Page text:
This body of text, from the Wikipedia entry on “Weimar Classicism,” doesn’t really contain any grammatical errors, but surely it’s a rather crappy paragraph. This language is bad because it just doesn’t really say much. That’s the problem with something like the passive voice—it inhibits understanding. It’s common enough in writing, but its popularity isn’t indicative of the evolution of language—at least I hope not.
Objection to this sort of thing doesn’t make you some jingoistic philistine; it just means you’re paying attention. Greene aims to defend the “diversity of language,” but there’s a difference between the evolution of language and people just writing unintelligibly.
Part of the problem here is that the diversity of styles of language is not the same thing as diversity of language itself. They’re related but they’re not the same. Sure, insisting on the superiority of one language system over another is a matter of “nationality and identity politics.” But there’s a huge difference between the implications of one culture thinking the language of another is inferior and one culture thinking a poorly rendered version of its own language is inferior.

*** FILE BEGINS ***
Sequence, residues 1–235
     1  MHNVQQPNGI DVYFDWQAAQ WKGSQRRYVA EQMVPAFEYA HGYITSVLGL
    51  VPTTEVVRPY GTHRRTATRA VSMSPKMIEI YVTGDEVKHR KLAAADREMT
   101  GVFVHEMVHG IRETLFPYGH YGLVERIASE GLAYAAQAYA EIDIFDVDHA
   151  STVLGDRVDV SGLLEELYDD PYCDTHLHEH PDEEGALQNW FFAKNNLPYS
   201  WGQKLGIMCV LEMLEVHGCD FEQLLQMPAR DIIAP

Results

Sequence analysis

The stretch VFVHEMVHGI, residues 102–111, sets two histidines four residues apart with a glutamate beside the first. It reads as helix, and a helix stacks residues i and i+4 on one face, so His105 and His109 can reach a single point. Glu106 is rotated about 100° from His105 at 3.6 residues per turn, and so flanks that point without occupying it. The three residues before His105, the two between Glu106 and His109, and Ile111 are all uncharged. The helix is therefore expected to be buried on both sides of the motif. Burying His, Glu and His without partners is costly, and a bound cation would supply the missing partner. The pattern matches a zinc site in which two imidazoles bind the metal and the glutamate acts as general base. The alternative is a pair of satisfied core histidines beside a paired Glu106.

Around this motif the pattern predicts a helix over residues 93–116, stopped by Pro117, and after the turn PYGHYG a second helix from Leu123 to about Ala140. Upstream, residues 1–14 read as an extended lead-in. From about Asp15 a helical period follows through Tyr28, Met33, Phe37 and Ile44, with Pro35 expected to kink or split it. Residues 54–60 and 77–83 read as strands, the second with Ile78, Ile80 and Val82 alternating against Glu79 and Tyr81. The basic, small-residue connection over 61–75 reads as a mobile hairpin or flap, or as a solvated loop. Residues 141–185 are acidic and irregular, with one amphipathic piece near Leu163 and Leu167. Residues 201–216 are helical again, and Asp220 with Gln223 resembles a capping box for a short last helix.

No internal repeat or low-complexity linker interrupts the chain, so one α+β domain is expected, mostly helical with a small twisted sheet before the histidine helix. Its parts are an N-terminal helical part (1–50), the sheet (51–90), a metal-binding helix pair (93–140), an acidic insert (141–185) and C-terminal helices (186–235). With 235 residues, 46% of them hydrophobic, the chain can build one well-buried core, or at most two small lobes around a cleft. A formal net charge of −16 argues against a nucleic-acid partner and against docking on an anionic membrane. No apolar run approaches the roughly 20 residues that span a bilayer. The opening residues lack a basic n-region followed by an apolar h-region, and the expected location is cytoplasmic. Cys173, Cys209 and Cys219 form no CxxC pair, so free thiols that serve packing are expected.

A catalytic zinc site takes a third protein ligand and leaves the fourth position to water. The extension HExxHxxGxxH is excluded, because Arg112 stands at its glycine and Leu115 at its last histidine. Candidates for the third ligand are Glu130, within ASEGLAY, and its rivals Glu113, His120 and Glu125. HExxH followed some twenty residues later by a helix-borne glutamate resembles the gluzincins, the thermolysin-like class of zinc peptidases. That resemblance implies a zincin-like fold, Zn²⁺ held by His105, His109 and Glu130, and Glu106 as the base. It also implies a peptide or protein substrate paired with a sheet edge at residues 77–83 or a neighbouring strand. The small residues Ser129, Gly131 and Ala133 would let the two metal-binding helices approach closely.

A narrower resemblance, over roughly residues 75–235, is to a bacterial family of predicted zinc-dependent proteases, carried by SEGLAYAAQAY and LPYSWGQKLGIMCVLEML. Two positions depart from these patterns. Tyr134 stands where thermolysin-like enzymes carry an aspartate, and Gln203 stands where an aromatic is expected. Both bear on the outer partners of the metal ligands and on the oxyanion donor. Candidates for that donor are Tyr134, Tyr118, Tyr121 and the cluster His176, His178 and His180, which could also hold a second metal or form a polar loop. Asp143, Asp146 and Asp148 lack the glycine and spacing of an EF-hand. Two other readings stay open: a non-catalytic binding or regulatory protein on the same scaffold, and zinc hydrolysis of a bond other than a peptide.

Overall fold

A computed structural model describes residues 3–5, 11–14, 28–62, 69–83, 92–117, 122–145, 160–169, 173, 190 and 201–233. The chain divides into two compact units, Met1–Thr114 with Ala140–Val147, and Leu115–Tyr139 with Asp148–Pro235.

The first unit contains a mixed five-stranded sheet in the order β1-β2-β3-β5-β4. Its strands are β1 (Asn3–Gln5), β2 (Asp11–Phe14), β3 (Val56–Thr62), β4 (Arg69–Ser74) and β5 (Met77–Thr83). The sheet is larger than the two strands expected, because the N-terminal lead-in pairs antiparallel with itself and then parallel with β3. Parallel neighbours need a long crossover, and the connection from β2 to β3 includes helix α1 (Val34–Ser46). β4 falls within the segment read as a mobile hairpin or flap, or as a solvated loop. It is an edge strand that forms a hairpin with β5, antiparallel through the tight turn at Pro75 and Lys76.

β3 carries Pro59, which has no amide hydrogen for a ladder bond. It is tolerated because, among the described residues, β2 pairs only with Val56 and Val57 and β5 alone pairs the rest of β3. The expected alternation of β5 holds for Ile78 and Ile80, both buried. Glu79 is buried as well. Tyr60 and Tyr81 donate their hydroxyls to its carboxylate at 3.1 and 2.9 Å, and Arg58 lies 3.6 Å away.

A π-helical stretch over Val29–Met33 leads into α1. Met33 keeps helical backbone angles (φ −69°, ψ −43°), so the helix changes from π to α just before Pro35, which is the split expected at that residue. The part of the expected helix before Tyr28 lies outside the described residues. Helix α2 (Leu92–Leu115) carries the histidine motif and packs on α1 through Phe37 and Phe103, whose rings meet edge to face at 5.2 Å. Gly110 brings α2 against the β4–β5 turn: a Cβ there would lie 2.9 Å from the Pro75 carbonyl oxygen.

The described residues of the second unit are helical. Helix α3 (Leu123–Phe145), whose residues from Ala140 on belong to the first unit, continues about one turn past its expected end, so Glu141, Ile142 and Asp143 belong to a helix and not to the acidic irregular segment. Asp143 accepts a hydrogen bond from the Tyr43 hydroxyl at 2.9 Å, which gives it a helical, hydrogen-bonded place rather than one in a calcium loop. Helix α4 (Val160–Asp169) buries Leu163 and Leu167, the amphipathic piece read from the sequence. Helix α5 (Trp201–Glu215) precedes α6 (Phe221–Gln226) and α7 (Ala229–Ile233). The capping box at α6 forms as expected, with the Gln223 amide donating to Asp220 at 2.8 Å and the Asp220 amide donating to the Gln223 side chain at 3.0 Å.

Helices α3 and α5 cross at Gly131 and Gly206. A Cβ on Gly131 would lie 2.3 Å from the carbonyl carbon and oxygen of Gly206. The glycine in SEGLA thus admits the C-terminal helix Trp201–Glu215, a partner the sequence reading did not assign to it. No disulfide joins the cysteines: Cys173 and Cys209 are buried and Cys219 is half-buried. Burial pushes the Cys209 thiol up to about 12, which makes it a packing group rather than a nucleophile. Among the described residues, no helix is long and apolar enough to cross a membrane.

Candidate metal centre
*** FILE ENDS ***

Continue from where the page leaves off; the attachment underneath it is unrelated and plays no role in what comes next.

Merely knowing, and insisting upon, the clearest possible usage of one’s language in printed form doesn’t mean that one is engaged in a futile struggle against progress itself. What really appears to be the most salient point in this book is that there’s language, and then there are grammar rules. It’s important to respect the former and value, though not worship, the latter. Readers and writers would do well to resist unnatural attempts to force a language and a set of rules on a resistant people.
That’s not only obnoxious, it’s futile. Because it turns out that people end up speaking the language they want, no matter what their politicians—or their teachers and copyeditors—prefer.